Indicted CEO of Encrypted Phone Firm Says Drug Charges Are Attack on the ‘Right to Privacy’

Indicted CEO of Encrypted Phone Firm Says Drug Charges Are Attack on the ‘Right to Privacy’
The seal of the U.S. Department of Justice as Attorney General Merrick Garland addresses staff on his first day in March 2021. (Photo: Kevin Dietsch/Pool, Getty Images)

Sky Global CEO Jean-Francois Eap, who the U.S. Department of Justice indicted last week for his alleged role in providing encryption tech to international drug cartels, has shot back that the government is targeting him to destroy the “fundamental right to privacy.”

Per ZDNet, Eap (whose company is based in Canada) published a statement on Sunday claiming he had only learned he was being prosecuted from media reports and denying that the company’s encrypted devices were ever intended for illegal activity. On Friday, a federal grand jury indicted Eap and one of his former distributors, Thomas Herdman, with conspiracy to violate the Racketeer Influenced and Corrupt Organisations Act (RICO) as prosecutors alleged Sky Global, which manufactures secure handheld devices and the Sky ECC encrypted messaging app, “knowingly and intentionally participated” in drug rings that transported cocaine, heroin, and meth across the globe.

Prosecutors wrote the company deliberately marketed the devices for use by criminals and advertising the ability to remotely wipe them “if the device is seized by law enforcement or otherwise compromised.” Last week, Europol announced that investigators had cracked the encryption on Sky ECC, allowing to monitor hundreds of millions of chat sessions from around 70,000 users and launch a “large number of arrests” on March 9 across Belgium and the Netherlands. Sky Global has instead claimed that European police appear to have conflated Sky ECC with an insecure “imposter” version of its technology being distributed by a “disgruntled” former reseller and that has an entirely separate web domain, skyecc.eu.

“As I have been following the media reports in the past week, it is with great sadness that I see far-reaching coverage of what can only be described as erosion of the right to privacy,” Eap wrote in the statement. “Sky Global’s technology works for the good of all. It was not created to prevent the police from monitoring criminal organisations; it exists to prevent anyone from monitoring and spying on the global community. The indictment against me personally in the United States is an example of the police and the government trying to vilify anyone who takes a stance against unwarranted surveillance.”

“It seems that it is simply not enough that you have not done anything illegal,” Eap added. “There is no question that I have been targeted, as Sky Global has been targeted, only because we build tools to protect the fundamental right to privacy. The unfounded allegations of involvement in criminal activity by me and our company are entirely false.”

For years, federal authorities have waged a war on public distribution and commercial use of encryption tech, which they insist shields terrorists, drug dealers, and all kinds of other slimy characters from prosecution. They’ve also demanded that companies deliberately build in hidden vulnerabilities (known as backdoors) that would allow police to serve up a search warrant and decrypt protected communications. Allies in Congress are pushing the EARN IT Act, which would threaten tech companies with increased liability for child sex abuse material sent by its users if they don’t comply with a set of encryption “best practices” that could include restrictions on the most secure forms of encryption such as end-to-end or building those backdoors.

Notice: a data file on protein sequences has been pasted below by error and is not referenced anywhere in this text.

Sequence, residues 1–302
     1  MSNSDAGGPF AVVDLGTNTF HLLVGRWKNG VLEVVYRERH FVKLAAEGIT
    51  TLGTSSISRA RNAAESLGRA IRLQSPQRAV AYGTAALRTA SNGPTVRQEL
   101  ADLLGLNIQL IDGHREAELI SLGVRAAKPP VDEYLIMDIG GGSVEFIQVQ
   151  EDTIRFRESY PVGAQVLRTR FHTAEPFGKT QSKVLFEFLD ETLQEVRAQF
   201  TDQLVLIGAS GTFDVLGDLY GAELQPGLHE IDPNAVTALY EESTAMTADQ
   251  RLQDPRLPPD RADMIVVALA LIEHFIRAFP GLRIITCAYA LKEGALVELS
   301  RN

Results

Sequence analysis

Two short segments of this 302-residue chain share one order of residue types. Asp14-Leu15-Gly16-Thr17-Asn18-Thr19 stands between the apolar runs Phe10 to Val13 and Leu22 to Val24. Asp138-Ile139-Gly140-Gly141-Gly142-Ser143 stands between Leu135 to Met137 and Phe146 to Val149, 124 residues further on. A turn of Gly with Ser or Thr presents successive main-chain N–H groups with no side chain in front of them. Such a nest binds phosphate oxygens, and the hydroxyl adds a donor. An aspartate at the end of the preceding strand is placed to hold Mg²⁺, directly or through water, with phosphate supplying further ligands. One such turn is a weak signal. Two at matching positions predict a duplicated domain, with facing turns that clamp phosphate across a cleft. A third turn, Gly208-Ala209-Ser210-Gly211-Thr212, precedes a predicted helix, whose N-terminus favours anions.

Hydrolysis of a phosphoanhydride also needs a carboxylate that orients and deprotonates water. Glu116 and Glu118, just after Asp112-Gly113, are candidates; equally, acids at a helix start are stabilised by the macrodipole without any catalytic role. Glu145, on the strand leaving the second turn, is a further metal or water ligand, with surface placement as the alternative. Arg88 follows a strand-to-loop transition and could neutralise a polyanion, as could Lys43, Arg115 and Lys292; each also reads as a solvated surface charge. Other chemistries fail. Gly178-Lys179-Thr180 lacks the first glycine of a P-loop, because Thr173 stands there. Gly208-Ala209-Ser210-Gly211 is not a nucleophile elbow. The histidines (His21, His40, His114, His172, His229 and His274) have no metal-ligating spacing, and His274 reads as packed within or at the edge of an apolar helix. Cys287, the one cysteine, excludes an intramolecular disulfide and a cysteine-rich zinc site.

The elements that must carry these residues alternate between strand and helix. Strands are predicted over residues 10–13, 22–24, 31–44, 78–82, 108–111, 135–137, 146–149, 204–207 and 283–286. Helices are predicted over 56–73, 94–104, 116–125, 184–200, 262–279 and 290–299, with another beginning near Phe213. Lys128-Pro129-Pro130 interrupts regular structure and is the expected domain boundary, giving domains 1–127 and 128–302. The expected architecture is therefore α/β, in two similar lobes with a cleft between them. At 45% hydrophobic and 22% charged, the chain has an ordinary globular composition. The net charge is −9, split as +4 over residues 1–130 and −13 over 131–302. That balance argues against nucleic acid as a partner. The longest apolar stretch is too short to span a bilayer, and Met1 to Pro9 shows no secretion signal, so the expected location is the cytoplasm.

Of course, the vast majority of users of encryption tech are not violent criminals, and security researchers are virtually unanimous that the risks of introducing backdoors that could potentially be used by anyone into secure products far outweighs whatever convenience is sought by authorities. Whether or not banning or undermining strong encryption will actually assist authorities at all is highly contentious — serious criminals will have no problem finding ways to use it anyways. It’s not unreasonable to suspect the feds’ thinly-veiled motivation is in attacking anything that could make mass surveillance more difficult.

As TechDirt noted, the Sky ECC situation is very similar to the case around Phantom Secure, a company that the FBI and international partner agencies accused of selling tech directly to gangs and drug cartels. CEO Vincent Ramos eventually pleaded guilty to running a criminal enterprise that facilitated drug trafficking, though it later emerged that the FBI had tried and failed to coerce Ramos into cutting a deal for a reduced sentence in exchange for building a surveillance backdoor into Phantom Secure tech that investigators could use to monitor the Sinaloa Cartel.

While the indictment accuses Sky Global of knowingly intervening to wipe devices seized or compromised by the cops, it also states the company sought to maintain complete anonymity between it and its customers after Phantom Secure came under fire. TechDirt noted it’s entirely possible the authorities are referring to functionality that allows users to request phone wipes under any circumstances, not specifically just when they’re taken by police. The DOJ hasn’t publicly presented its evidence in the case, whereas in the Phantom Secure case, undercover agents posing as traffickers said Ramos admitted to them his devices were engineered with organised crime in mind.